Asymptopia — Living in a world of big data; Spatial Statistics; Statistical learning for spectroscopic data; The use of survival analysis
Day 2 – Foundations of Data Science II (Tuesday 7th December)
9.30am: Prof. Brendan Murphy, UCD. Topic: Asymptopia — Living in a world of big data
Brief synopsis : This talk will review a selection of large sample theory results from statistics that are of relevance in the era of big data. Topics reviewed will include parameter estimation, density estimation, function estimation and Bayesian methods. Please ensure participants have R Studio installed on machines to run code.
Speaker biography: Brendan Murphy is Full Professor and Head of School in the School of Mathematics and Statistics at University College Dublin. He has research interests in clustering, classification and latent variable modeling. He is interested in applications from social sciences, food science, sensors, medicine and biology. He is currently Editor for Social Sciences and Government for the Annals of Applied Statistics. He has recently co-authored a research monograph on Model- Based Clustering and Classification.
11.00am: Dr Shirin Moghaddam, UL. Topic: The use of survival analysis in prediction of biochemical recurrence in prostate cancer
Brief synopsis: Prostate cancer (PCa) represents a significant healthcare problem due to the dilemmas associated with its detection and treatment especially with the projected increase in its incidence. Treatment decisions represent a significant dilemma and determining the long-term outcome of a patient would better inform treatment decisions. Either active surveillance which spares unnecessary intervention versus active treatment which is associated with considerable side effects and quality of life issues. Biochemical recurrence (BCR) represents the first sign of treatment failure and predicting BCR pre-treatment would better inform treatment decisions. In this presentation the benefit of using survival models for predicting time to BCR will be discussed and a predictive model will be presented which could improve clinical decision making for physicians and patients.
Speaker biography: Shirin Moghaddam is a Lecturer in Statistics & Data Science in University of Limerick. She obtained her PhD from NUI Galway on Bayesian Imputation of Right Censored Data in Time-To-Event Studies. Her research interests include Survival analysis, Bayesian approach and Machine learning, in particular, their application in cancer research. Shirin is the vice-chair of the Young Statisticians’ Section of the Irish Statistical Association and also a member of Cancer Trials Ireland.
12.00am: Dr Katarina Domijan, MU. Topic: Statistical learning for spectroscopic data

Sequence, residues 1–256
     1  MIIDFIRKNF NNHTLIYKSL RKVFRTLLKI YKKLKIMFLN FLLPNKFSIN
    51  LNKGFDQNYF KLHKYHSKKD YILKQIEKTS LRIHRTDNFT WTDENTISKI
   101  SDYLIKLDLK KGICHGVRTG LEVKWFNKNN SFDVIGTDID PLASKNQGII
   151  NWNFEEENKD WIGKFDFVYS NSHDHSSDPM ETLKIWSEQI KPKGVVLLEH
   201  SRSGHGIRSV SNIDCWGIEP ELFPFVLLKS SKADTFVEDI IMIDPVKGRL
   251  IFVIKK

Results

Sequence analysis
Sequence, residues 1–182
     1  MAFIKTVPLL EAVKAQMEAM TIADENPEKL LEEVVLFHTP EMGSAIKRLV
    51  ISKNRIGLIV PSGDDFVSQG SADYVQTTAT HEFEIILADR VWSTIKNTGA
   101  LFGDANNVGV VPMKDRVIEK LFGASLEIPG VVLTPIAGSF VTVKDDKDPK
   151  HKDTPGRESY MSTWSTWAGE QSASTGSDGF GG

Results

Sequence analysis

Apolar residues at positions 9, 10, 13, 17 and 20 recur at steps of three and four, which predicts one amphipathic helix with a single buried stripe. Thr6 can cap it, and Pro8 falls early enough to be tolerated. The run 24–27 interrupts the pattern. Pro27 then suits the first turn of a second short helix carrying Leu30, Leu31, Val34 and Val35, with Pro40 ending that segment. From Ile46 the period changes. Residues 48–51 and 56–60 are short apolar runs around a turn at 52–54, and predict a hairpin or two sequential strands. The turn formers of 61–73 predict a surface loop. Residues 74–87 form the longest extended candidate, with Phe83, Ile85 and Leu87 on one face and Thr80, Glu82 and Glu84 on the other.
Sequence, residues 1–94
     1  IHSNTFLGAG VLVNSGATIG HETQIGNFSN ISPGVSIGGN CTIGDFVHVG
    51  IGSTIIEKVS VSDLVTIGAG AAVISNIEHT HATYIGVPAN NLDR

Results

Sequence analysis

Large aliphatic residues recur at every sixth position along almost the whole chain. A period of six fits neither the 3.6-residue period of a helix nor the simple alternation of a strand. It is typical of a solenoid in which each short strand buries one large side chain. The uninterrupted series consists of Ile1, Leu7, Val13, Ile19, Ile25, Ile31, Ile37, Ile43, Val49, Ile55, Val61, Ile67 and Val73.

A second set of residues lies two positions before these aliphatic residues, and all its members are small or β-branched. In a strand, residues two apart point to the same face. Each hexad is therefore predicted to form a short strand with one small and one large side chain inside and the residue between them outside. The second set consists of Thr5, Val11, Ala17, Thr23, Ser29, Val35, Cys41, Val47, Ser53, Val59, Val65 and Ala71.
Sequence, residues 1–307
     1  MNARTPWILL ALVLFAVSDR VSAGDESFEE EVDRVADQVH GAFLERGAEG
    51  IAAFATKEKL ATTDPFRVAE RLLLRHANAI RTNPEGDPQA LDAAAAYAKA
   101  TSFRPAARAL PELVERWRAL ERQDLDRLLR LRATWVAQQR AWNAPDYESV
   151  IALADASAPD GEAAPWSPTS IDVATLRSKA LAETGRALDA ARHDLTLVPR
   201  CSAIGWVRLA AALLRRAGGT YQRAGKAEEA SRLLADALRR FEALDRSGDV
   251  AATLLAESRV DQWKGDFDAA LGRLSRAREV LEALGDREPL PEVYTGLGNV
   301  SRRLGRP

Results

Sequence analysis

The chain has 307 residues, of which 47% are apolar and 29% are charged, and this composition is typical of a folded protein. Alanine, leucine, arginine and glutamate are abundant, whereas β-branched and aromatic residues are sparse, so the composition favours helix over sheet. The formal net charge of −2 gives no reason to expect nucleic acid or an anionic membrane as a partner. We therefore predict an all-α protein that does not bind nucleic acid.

Brief synopsis: This lecture will introduce examples of data arising in chemometric applications. Classical methods as well as some state of the art machine learning models will be presented.
Speaker biography: Dr. Domijan is a Lecturer/Assistant Professor in the Department of Mathematics and Statistics at Maynooth University. Her expertise lie in applying statistics and machine learning techniques to analyse data of complex structure that arise in a variety of applications. Along with modelling, research also concerns model visualization and interpretability as well as statistical computing. In particular, she works in developing software tools that address the interpretability deficit of complex machine learning models fitted to high-dimensional datasets.
2.00-5.00pm: Prof. Chris Brunsdon, MU. Topic: Spatial Statistics
Brief synopsis: In this talk Chris will explain the key ideas of spatial statistics, and provide a number of practical examples using R, and in particular the ‘mgcv’ package for analysis, and the ‘tmap’ and ’sf’ packages to manipulate and visualise geographical data.
The talk is broadly divided into three sections
1. Working with geographical data in R – including how read in spatial data, and use it to create maps via ’sf’ and ’tmap’
2. Spatial Statistical models with area-based data – including the use of Markov random fields to model broadband uptake in Ireland, based on census data for Irish electoral divisions
3. Spatial Statistical models with point-based data – including the analysis of historical rainfall data in Ireland.
Practical worked examples will be available in blog form for reference after the talk is finished.
R and all of the standard packages (these will be included in a standard installation of R) – with some further ones:
The SFI Centre for Research Training in Foundations of Data Science will train a cohort of PhD students with world-class foundational understanding in the horizontal themes of Applied Mathematics, Statistics, and Machine Learning.
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